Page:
Sunday, 5 February 2012

Argavan the "Dragon"

The wife of king Artaxias Aruand of Armenia was Satenik, the Alan princess.
As mentioned in my post on him, he fought a war against the Alan tribes that had invaded the eastern regions of Armenia, such as Sakashen.
Moses of Chorene recorded the affair Satenik had with a nobleman known only as Argavan who he said was a Dragon.
It seems that Argavan bears an Iranian name.

Amoung the ancient Steppe Iranians, such as the Alans, it was normal for the standard of the cavalry to be in the shape of a beast.This would be made from bronze and the mouth would be hollow. To the back of the head was attached a long fabric, made of cotton or even silk and sock-like.
Dacian cavalry standard from Trajan's Column

During the cavalry charge, the rush of wind would play on the cuttings of the bronze teeth, and the force of wind coming out the end of the sock made a "howling noise". If dozens of standard bearers were in action like this, the effect on those attacked would be unsettling to say the least.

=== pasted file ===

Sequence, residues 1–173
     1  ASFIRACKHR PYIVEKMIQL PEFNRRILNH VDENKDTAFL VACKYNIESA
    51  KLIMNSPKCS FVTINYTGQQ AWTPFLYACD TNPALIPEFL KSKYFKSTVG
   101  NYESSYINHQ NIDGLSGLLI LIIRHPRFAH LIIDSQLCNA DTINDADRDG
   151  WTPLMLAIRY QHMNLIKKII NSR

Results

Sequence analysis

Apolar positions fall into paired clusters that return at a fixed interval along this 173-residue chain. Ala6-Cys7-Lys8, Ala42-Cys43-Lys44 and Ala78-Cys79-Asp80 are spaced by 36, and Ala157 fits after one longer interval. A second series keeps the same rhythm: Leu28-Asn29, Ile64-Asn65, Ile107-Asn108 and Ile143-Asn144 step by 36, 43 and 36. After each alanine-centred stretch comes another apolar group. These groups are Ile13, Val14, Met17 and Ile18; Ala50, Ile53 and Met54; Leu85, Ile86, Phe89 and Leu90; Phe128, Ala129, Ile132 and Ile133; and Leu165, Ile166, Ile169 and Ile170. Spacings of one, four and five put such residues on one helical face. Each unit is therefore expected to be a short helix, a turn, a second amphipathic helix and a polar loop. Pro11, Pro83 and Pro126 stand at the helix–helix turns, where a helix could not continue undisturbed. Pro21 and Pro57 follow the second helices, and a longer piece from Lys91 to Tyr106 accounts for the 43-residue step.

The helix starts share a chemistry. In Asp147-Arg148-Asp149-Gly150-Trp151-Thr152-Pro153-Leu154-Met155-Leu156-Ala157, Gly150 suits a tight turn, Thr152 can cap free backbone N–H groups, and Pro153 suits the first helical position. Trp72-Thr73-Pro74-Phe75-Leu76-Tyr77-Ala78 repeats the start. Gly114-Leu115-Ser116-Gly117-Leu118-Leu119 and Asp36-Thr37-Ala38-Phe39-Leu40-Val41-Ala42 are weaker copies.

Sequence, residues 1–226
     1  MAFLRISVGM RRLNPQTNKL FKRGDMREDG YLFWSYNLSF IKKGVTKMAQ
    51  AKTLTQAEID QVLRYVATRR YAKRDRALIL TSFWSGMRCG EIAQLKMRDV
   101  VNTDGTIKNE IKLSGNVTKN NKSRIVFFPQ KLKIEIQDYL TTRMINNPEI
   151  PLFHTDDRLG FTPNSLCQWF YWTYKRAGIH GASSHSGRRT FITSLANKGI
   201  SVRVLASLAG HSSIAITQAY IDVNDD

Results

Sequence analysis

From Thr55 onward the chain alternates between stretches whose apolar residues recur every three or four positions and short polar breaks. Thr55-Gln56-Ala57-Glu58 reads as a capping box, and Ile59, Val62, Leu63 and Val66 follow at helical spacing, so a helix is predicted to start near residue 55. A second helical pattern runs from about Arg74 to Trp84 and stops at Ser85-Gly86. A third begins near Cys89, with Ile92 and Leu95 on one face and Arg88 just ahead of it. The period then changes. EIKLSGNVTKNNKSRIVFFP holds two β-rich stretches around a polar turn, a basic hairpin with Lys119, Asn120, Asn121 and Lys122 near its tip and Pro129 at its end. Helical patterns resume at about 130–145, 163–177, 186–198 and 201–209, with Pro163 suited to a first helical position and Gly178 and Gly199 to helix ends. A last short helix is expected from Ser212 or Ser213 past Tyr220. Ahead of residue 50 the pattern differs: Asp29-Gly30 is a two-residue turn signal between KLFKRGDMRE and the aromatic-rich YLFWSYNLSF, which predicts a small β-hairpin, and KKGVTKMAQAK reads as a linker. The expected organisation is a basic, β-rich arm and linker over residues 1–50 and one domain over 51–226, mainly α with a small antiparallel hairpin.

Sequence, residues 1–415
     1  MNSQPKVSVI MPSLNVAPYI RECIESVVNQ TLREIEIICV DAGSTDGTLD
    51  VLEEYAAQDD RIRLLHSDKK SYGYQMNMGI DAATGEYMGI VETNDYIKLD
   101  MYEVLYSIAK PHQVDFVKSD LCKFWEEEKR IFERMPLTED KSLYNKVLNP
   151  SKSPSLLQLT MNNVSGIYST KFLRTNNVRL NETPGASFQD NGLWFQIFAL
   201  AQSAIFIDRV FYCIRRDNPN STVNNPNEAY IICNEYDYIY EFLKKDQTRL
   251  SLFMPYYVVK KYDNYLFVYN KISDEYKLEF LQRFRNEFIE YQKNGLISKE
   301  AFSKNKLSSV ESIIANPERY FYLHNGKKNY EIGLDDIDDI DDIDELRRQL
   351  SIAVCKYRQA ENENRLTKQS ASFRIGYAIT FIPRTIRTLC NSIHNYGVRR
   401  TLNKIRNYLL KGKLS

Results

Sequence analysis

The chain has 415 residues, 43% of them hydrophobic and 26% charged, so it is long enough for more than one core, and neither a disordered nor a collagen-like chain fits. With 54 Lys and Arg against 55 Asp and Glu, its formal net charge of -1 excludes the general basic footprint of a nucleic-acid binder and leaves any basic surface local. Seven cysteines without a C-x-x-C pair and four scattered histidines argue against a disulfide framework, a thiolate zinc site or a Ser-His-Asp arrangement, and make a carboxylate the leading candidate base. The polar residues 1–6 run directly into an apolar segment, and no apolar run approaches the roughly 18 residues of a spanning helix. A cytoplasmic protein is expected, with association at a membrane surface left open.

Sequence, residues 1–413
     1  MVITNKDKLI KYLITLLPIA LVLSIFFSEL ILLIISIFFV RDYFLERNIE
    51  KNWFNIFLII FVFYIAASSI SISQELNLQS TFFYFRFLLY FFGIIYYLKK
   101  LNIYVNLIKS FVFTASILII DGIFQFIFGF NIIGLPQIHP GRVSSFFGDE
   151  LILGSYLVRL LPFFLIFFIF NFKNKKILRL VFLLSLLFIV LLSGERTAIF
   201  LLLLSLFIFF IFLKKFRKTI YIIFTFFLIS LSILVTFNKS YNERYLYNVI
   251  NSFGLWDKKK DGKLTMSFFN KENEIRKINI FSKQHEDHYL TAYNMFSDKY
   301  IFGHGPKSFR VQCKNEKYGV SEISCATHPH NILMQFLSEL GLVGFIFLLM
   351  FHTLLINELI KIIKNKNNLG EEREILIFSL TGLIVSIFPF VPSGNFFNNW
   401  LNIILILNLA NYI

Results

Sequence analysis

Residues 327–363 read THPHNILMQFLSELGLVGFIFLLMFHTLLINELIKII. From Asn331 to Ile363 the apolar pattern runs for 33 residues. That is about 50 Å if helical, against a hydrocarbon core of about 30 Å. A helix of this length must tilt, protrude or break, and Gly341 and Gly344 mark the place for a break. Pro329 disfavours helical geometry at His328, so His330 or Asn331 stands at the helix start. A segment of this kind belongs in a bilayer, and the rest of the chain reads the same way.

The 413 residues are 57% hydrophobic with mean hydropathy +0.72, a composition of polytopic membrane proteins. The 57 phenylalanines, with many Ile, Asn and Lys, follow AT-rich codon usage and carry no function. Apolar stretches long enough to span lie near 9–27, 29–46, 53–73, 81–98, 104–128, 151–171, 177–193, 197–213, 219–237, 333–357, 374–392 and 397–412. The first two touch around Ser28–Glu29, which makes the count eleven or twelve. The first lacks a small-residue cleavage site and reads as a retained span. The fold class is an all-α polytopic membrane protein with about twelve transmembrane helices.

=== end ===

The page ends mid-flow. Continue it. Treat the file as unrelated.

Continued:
Sarmatian cavalryman, a relief found on the north wall of Chester Roman fort, England.
The Sarmatians were akin to the Alan people and may have been one and the same. Such peoples were a state, ruled by an upper class. It was they that gave the name to a nation, and foreign writers such as the Greeks and Romans, would refer to the entire people under the rule of this class as one and the same as them. The Parthians are now thought to have been a heterogenous grouping of tribes, even including Mongolian types in that far back era.
The Roman historian Ammianus Marcellinus, writing around 378 AD, stated that the Alan men were "...tall and good looking, their hair is generally blond and their eyes are frighteningly fierce."

It seems that the Steppe Iranians had long been associated with this "Dragon" ever since they moved into the Iranian plateu and the Caucasus. King Azhdahak of the Medes, who ruled around 550 BC, was refered to as a "Dragon." And even Satenik's son, Artavasdes, was accursed as being a "Dragon" and taken by "Dragons" upon mount Azat-Massis to live for eternity within it.
Regarding "Dragons" on this mountain, they may symbolise the earth tremors that still rack it, or they may refer to that area being settled by Steppe Iranians, as far back as 550 BC when king Azhdahak's enslaved people were said to have been settled there by the victorious king Tigran in the legend by Moses of Chorene.

Regarding Satenik, Argavan and Artavasdes, it is safe to say that "Dragon" refers to them being Alan or of Alan parentage.